Understanding the characteristics of I/O traffic is increasingly important as the performance gap between the processor and disk-based storage continues to widen. Moreover, recent advances in technology, coupled with market demands, have led to new and exciting developments in storage systems, particularly network storage, storage utilities, and intelligent self-optimizing storage. In this paper, we empirically examine the physical I/O traffic of a wide range of server and personal computer (PC) workloads, focusing on how these workloads will be affected by the recent developments in storage systems. As part of our analysis, we compare our results with historical data and re-examine some rules of thumb (e.g., one bit of I/O per second for each instruction per second of processing power) that have been widely used for designing computer systems. We find that the I/O traffic is bursty and appears to exhibit self-similar characteristics. Our analysis also indicates that there is little cross-correlation between traffic volumes of server workloads, which suggests that aggregating these workloads will likely help to smooth out the traffic and enable more efficient utilization of resources. We discover that there is significant potential for harnessing “free” system resources to perform background tasks such as optimization of disk block layout. In general, we observe that the characteristics of the I/O traffic are relatively insensitive to the extent of upstream caching, and thus our results still apply, on a qualitative level, when the upstream cache is increased in size. View full abstract»

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  • Technical note—The IBM TotalStorage Enterprise Storage Server: Testing for general availability and beyond

    Publication Year: 2003 , Page(s): 373 - 382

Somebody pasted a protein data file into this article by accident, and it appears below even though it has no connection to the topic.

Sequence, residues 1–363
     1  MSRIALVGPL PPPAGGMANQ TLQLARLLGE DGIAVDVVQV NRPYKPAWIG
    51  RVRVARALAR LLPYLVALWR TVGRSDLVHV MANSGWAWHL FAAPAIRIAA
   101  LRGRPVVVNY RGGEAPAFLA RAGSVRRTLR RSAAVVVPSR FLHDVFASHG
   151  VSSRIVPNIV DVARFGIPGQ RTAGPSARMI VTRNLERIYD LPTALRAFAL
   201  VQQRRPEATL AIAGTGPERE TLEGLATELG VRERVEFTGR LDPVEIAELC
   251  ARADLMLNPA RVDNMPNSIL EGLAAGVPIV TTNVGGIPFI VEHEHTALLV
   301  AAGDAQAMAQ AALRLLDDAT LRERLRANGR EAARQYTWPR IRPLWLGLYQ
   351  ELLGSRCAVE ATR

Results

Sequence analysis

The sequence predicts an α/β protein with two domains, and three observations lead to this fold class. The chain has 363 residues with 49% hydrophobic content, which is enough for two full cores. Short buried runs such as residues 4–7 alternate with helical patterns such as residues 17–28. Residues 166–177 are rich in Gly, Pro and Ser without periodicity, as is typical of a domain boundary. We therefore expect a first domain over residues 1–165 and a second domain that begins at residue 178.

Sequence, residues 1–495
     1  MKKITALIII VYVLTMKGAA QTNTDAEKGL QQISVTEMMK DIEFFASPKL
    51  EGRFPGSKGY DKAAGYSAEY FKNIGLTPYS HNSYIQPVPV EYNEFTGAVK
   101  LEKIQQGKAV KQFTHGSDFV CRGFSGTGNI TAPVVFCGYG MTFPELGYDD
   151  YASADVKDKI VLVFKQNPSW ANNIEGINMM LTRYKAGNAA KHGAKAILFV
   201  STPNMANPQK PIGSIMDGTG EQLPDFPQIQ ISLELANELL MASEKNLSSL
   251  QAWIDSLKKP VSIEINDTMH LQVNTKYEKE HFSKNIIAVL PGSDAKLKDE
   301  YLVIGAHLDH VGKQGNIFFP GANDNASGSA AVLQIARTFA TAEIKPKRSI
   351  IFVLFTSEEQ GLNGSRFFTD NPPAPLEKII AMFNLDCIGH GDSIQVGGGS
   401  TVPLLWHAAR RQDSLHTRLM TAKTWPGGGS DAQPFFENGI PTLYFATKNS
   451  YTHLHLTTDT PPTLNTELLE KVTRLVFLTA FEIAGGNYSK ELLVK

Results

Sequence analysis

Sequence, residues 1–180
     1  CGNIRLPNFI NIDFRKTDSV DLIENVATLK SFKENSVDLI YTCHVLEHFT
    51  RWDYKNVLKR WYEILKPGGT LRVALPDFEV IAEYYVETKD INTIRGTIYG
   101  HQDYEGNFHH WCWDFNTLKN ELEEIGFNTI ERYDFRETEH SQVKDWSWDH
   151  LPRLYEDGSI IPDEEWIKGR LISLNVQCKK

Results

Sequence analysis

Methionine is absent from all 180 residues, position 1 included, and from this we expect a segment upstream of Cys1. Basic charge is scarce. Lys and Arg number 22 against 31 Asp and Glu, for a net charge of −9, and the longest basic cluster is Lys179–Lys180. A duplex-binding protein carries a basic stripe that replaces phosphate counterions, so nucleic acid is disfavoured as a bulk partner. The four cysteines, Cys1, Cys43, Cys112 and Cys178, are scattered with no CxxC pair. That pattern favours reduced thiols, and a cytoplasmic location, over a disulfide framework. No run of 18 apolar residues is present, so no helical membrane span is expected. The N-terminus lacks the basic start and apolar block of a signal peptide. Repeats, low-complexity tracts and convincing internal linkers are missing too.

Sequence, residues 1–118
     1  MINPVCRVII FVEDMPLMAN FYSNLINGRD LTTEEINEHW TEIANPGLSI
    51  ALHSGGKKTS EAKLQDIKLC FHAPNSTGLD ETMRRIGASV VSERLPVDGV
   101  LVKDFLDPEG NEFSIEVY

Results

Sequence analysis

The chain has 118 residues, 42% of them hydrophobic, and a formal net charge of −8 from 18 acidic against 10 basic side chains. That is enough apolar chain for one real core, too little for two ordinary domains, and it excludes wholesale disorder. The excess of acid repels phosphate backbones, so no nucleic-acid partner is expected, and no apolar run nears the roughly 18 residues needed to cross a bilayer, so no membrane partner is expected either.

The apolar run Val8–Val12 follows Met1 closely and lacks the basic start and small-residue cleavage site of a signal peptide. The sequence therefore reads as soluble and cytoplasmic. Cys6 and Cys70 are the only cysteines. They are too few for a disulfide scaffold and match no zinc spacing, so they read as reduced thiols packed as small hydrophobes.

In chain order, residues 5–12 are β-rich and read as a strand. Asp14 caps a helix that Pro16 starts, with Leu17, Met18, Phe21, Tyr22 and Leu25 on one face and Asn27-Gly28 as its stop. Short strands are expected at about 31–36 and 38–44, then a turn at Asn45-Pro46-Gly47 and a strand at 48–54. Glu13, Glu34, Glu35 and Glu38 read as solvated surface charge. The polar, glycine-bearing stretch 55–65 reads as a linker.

Save to Project icon | Click to expandQuick Abstract | PDF file iconPDF (118 KB)  

    The IBM TotalStorage™ Enterprise Storage Server® (ESS) is a powerful and versatile storage subsystem that can respond well to the explosion in demand for on-line data storage. ESS provides unique features in the areas of connectivity, capacity and performance scalability, data integrity, reliability, availability, and serviceability. This technical note discusses the stages of ESS hardware and software testing. Focus is then given to the collaboration, tools, and techniques needed for testing ESS software support provided specifically for the System/390® platform. View full abstract»

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  • IBM TotalStorage Enterprise Storage Server: A designer's view

    Publication Year: 2003 , Page(s): 383 - 396
    Cited by:  Papers (1)  |  Patents (4)
    Save to Project icon | Click to expandQuick Abstract | PDF file iconPDF (163 KB)  

    In this paper, we describe the background, objectives, and major decisions associated with the design of IBM TotalStorage™ Enterprise Storage Server® (ESS), IBM's high-end disk storage system. We first present a brief history of disk storage development over the past three decades and then describe ESS architecture and basic functions. Next we discuss the goals associated with the design of ESS and the methods used to achieve these goals. We then explore some design decisions that significantly affected ESS architecture and performance, and we conclude with some comments about possible future enhancements. View full abstract»

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  • Books

    Publication Year: 2003 , Page(s): 397 - 399
    Save to Project icon | PDF file iconPDF (47 KB)  
    Freely Available from IEEE

Aims & Scope

Throughout its history, the IBM Systems Journal has been devoted to software, software systems, and services, focusing on concepts, architectures, and the uses of software.

Full Aims & Scope

Meet Our Editors

Editor-in-Chief
John J. Ritsko
IBM T. J. Watson Research Center5